Feature image via Getty
History will be made at Mercedes-Benz Superdome in New Orleans tonight. The U.S. Women’s Soccer Team (USWNT) will take on China as the last game on their Victory Tour after winning the FIFA Women’s World Cup in July.
But as the USWNT looks to finish its Victory Tour, a soccer legend will be bidding her final farewell. Abby Wambach will step onto the field for the last time wearing No. 20 for the U.S. Women’s National Team.
Wambach has been a fixture in the world of women’s soccer for nearly 15 years. She’s a two-time Olympic gold medalist and the 2012 FIFA World Player of the Year. Oh — and as of this year — a World Cup Champion.
— Alex Goldschmidt (@alexandergold) July 6, 2015
Wambach began her career on the USWNT in 2001, two years after the USA won its second Women’s World Cup. She played alongside stars like Julie Foudy (who now announces USWNT games and is very vocal on Twitter about her dislike for FIFA) and Mia Hamm (whose record for most international goals Wambach surpassed in 2013).
Wambach started her career alongside her heroes (growing up, she had a signed poster of Hamm); similarly, younger players like Alex Morgan and Morgan Brian, who were called up to the USWNT during Wambach’s career, have expressed how much playing alongside Abby meant to them.
In her career, Wambach has racked up 254 appearances at the international level for the United States. Tonight will make that 255. She has also scored 184 goals, the most of any man or woman in the world. (For the record, 77 of those were just with her head. That means just Abby Wambach’s noggin could hold the record for 7th most goals in USWNT history.)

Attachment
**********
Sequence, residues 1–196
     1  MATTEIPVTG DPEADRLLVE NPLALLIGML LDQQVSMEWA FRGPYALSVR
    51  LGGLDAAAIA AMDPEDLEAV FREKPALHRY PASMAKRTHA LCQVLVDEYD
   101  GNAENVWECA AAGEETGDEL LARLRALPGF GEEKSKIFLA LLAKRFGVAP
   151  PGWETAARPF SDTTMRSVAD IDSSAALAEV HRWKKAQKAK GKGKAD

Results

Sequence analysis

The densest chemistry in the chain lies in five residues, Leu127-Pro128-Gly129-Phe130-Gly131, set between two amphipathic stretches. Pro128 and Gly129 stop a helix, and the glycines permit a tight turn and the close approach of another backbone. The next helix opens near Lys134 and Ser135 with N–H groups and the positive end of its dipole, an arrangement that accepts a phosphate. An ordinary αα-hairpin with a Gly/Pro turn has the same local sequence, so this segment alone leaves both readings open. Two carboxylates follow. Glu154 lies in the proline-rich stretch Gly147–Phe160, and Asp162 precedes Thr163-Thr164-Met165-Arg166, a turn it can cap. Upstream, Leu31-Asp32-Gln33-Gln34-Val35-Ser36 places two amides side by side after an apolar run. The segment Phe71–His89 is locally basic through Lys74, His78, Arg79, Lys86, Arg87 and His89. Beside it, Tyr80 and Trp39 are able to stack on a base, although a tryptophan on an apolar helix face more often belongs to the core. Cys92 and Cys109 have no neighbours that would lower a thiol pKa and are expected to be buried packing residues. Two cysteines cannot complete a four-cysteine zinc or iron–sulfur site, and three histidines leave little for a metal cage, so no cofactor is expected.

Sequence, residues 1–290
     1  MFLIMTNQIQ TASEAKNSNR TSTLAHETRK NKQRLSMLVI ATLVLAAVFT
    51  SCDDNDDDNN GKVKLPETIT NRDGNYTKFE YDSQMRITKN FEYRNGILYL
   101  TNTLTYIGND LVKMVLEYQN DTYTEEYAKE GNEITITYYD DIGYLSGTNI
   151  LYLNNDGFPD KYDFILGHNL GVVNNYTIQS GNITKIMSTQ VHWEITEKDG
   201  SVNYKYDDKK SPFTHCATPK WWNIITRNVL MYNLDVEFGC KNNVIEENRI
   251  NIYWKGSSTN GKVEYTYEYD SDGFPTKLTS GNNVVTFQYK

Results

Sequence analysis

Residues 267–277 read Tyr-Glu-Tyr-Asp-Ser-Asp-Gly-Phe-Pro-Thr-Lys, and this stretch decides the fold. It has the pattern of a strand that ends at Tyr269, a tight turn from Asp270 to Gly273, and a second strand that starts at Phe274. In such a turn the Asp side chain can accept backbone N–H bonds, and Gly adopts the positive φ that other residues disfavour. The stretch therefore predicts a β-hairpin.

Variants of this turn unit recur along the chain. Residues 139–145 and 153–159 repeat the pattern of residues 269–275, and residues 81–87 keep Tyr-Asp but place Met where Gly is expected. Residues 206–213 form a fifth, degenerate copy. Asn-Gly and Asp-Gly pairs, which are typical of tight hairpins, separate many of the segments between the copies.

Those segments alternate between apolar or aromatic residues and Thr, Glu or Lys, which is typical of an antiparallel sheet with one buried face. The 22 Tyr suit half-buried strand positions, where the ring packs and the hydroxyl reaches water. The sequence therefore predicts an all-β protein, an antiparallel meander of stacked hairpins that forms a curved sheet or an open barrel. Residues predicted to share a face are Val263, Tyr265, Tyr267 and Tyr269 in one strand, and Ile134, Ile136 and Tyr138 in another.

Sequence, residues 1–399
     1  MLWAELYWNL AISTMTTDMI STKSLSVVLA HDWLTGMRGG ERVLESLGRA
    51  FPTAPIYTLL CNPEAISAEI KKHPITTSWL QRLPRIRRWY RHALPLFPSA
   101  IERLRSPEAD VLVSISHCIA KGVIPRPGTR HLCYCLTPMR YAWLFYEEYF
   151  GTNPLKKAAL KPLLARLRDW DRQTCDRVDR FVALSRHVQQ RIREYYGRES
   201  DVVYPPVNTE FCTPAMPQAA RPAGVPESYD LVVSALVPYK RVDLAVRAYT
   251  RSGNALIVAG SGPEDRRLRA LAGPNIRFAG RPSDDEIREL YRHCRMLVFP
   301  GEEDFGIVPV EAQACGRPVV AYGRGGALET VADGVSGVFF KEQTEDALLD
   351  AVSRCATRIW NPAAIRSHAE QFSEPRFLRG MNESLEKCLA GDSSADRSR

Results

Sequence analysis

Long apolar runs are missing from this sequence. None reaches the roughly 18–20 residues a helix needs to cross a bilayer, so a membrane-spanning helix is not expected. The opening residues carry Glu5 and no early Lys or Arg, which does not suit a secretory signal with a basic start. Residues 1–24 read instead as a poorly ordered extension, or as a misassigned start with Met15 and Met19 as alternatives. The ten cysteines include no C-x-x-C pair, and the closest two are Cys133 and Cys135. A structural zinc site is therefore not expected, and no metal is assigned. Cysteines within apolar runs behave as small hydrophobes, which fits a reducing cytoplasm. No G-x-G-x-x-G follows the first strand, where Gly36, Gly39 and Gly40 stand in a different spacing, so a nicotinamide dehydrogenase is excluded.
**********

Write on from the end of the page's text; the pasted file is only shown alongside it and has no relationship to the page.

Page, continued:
One of the most memorable Wambach scores came against Brazil during the 2011 FIFA Women’s World Cup quarterfinal. The bottom line is that she scored the tying goal for the U.S. in the 122nd minute, and the team went on to win the game 5-3 on penalty kicks. But to get the full effect, I highly recommend watching:
One of the most admirable characteristics Wambach possesses is her willingness to let her body be on the line for the good of the team. I’ll always remember the World Cup qualifier game in 2010 against Mexico (which, I’ll admit, I didn’t see live, but watched later online). In an attempt to go up for a header, she and a Mexican player collided at full force. Both fell to the ground immediately. It was stoppage time and the U.S. was trailing 2-1. Abby Wambach doesn’t just let a little (OK, a lot of) blood stop her. Right on the field, she allowed the medical staff to literally staple her head back together so she could keep playing. There’s video, if you’re into it, but warning: It’s a lot. (Amazing and badass, but a lot.)
Her career is winding down from those iconic moments, but she will likely be looking for that 185th goal to add to her resume tonight. No matter what happens, she will go down as the G.O.A.T. — or the greatest of all time — an acronym and hashtag fans and players alike have recently embraced on Twitter, along with the hashtags promoted by U.S. Soccer: #ThanksAbby and #OnlyOneAbby.
Although Wambach admits she never “came out” because she was never truly “in,” her impact on the LGBTQ community cannot be overlooked. The fact that an openly gay woman who kissed her wife on live TV after this year’s World Cup championship holds the record for most international goals scored is truly inspiring.
You can catch tonight’s game, which starts 8:00 p.m. on Fox Sports 1 and Fox Sports GO.
We’ll miss you, Abby. You are — and will continue to be — a legend.